As we embark on 2012 I wanted to write a post to mark a moment in time. Today is January 3rd and as of today I wanted to share my 5 favourite wines as we head into the New Year. No doubt these are bound to change, probably endlessly as the year goes on.
However these are not just the 5 wines I think are the best. It would be easy to suggest some of the more expensive wines I have tried or some that are more renowned. It would also be easy to suggest some of the wines you can only get at the winery or some that are extremely rare. But in deciding my 5 favourites right now I have tried to consider everything from taste to availability and value for your dollar. So I hope you consider a few of these the next time your are having a tough time in the LCBO. These are in no particular order.
1. Mud House Pinot Noir, Central Otago, New Zealand – LCBO #190462 – $17.95
I first tried this at the 2011 Gourmet Food and Wine show in Toronto and it recently became a general list at the LCBO. New Zealand has been gaining worldwide prominence for their Sauvignon Blanc’s from Marlborough, but more and more you can expect to be hearing about the Pinot’s from Central Otago. This particular Pinot has elegance well beyond it’s price point but is still very fruit forward allowing you to enjoy it right now or even let it cellar for a couple years. It’s well balanced with good acidity and as with the best Pinot’s out there you can pair it with a wide variety of foods.
2. 2009 Acacia Chardonnay, Carneros, California – LCBO Vintage #80556 – $27.95
At $27.95 this is the most expensive wine on my list and even beyond what I would spend on wine regularly. But I confess I recently sprung for two bottles after sampling this in my WSET advanced course. This wine is worth the price and could hold up to some of the best chardonnays out there. However this is not Chablis and you better like oaked chard’s otherwise proceed to #3. The oak is infused extremely well however and is balanced by a variety of fruit. Carneros has become extremely well known as California’s premier region for chardonnay and this particular wine is at the top of it’s class.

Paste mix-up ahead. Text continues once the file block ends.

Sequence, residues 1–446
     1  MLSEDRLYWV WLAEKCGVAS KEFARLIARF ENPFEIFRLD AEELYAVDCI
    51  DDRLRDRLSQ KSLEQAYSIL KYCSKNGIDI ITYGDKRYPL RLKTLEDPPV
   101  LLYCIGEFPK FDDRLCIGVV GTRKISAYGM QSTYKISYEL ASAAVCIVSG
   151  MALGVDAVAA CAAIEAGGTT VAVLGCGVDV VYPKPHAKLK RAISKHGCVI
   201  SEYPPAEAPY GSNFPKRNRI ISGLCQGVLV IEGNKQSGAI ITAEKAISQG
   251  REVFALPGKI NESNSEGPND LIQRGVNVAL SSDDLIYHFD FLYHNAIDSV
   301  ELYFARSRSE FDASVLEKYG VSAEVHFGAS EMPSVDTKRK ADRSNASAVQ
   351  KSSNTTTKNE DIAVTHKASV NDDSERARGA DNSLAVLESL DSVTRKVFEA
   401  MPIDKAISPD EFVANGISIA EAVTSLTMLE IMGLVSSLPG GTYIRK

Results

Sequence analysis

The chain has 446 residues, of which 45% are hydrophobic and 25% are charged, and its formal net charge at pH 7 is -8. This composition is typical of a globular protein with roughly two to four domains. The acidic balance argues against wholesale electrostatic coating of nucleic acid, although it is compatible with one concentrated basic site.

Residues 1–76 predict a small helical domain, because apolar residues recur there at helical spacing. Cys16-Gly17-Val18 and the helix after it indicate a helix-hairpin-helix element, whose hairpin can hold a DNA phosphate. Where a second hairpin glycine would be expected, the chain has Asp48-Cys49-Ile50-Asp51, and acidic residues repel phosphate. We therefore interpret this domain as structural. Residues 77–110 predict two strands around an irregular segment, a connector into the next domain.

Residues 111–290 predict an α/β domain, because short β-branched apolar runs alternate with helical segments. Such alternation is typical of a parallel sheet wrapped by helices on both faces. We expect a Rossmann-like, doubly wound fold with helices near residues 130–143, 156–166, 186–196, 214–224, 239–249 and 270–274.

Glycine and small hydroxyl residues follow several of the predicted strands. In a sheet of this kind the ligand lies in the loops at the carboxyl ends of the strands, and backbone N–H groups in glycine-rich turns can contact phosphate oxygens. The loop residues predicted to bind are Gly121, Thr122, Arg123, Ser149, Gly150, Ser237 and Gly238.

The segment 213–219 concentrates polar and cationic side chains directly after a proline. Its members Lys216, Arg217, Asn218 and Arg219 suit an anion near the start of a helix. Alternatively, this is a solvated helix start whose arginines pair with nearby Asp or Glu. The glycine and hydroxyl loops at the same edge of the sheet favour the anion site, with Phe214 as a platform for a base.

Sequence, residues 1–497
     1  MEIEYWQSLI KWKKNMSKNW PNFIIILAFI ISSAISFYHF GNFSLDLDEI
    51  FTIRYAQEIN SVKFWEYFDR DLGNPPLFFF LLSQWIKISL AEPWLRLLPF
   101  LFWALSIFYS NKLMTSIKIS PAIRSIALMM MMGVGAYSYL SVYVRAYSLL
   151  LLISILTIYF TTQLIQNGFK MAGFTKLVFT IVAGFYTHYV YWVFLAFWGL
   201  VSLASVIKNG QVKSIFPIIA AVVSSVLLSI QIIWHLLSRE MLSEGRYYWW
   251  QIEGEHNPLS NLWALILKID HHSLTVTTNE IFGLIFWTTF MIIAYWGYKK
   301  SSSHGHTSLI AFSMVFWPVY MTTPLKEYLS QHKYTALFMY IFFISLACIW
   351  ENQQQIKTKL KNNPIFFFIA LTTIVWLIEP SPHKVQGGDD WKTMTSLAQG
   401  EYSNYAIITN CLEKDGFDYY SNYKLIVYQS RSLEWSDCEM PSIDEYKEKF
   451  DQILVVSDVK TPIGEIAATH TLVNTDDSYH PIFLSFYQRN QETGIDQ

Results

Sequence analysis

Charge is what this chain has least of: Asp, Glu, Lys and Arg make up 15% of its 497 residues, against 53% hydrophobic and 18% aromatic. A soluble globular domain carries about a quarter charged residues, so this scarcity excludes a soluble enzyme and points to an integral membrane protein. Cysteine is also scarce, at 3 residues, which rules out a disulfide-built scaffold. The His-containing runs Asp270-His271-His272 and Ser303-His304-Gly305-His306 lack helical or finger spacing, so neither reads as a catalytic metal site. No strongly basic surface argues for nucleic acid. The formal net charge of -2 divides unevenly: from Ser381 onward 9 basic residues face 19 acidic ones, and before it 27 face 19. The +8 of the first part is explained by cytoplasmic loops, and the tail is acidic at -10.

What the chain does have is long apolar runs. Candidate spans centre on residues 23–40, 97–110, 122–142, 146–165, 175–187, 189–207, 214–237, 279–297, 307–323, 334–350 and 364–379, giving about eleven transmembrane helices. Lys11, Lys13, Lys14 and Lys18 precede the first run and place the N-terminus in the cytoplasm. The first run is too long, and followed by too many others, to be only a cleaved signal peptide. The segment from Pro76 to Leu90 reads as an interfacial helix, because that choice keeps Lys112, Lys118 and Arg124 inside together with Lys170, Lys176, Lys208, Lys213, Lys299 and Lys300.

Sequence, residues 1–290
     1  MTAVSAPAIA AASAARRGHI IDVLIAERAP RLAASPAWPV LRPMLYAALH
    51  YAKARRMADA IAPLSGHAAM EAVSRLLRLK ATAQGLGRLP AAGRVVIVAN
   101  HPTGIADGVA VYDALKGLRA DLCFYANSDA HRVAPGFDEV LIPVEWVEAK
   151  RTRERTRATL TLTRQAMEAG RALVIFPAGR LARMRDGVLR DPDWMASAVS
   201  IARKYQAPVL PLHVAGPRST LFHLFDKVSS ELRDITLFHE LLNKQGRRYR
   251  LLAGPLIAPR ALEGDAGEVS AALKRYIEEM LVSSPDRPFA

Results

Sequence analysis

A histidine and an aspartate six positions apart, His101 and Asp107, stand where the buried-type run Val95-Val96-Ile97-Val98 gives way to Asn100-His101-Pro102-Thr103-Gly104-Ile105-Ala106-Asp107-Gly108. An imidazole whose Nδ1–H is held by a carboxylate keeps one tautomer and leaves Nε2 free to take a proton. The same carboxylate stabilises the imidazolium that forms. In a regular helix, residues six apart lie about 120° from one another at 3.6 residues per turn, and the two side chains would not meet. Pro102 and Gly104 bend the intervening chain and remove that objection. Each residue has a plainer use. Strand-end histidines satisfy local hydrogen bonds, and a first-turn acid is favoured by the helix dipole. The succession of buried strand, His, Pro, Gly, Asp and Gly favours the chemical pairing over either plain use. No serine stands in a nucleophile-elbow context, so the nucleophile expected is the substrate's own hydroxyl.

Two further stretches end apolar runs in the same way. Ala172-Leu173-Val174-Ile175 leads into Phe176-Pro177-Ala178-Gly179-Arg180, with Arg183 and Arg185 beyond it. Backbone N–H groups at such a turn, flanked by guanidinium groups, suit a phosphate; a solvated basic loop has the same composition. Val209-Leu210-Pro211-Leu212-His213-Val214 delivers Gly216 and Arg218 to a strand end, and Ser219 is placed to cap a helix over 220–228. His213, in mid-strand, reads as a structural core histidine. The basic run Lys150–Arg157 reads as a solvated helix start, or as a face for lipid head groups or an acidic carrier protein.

3. Castillo de Monseran, Garnacha, Spain – LCBO #73395 – $8.95
I have tweeted pretty excessively about this wine as it is the best value you are going to get at the LCBO in my opinion. Wine under $10 in Ontario is a steal, hence the recent popularity of the Fuzion wines from Argentina. The difference is this wine is great. You will see “Garnacha” on the label but that is nothing more than Grenache in Spain. This wine is all fruit with ripe cherry and strawberry standing out. Take this to your next party or get together or to impress your friends and they will never guess you paid so little for it.
4. Catena Malbec, Mendoza, Argentina – LCBO Vintages #478727 – $19.95
Malbec is my favourite grape variety right now and thus one had to make the list. The Mendoza region in Argentina produces the finest Malbec’s in the world and the Catena producer is one of the best in all of Argentina. While most of Catena’s wines are high priced (see Vintages #’s 982355, 132340, 170035 – $49.95, $79.00, & $98.00 respectively) this is their base wine but is still a great representation of the Malbec grape. After visiting Argentina I have never quite understood why Cabernet Sauvignon has become the classic pairing of wine and steak. Though it is good, you must pour a Malbec the next time you grill a beautiful steak as they go perfectly together. In Mendoza they do three things extremely well. Malbec, Steak and Leather. Those three things they do as well or better than anywhere else in the world so they know what they’re doing.
5. Perrin Reserve, Cotes Du Rhone, Rhone Valley, France – LCBO Vintages #363457 – $14.95
This should become a go to for everybody at $14.95. The Rhone valley offers some of the best value in all of France and this is no exception. Though Perrin and Fils is a gigantic producer of all types of wine this remains a great choice. Primarily a blend of Syrah and Grenache this is a big wine but is extremely smooth with black cherry fruit well showcased. Another wine you can use to impress at your next dinner party which will pair well with most any meat.
I appreciate that wine is extremely subjective so comments and feedback are strongly encouraged. I would also love to hear about and try your favourites as I am sure there are many I have left off the list or even forgotten about all together. But these wines jump to the top of my mind as of today so the next time you are struggling to find a wine to try I hope this helps you narrow it down.
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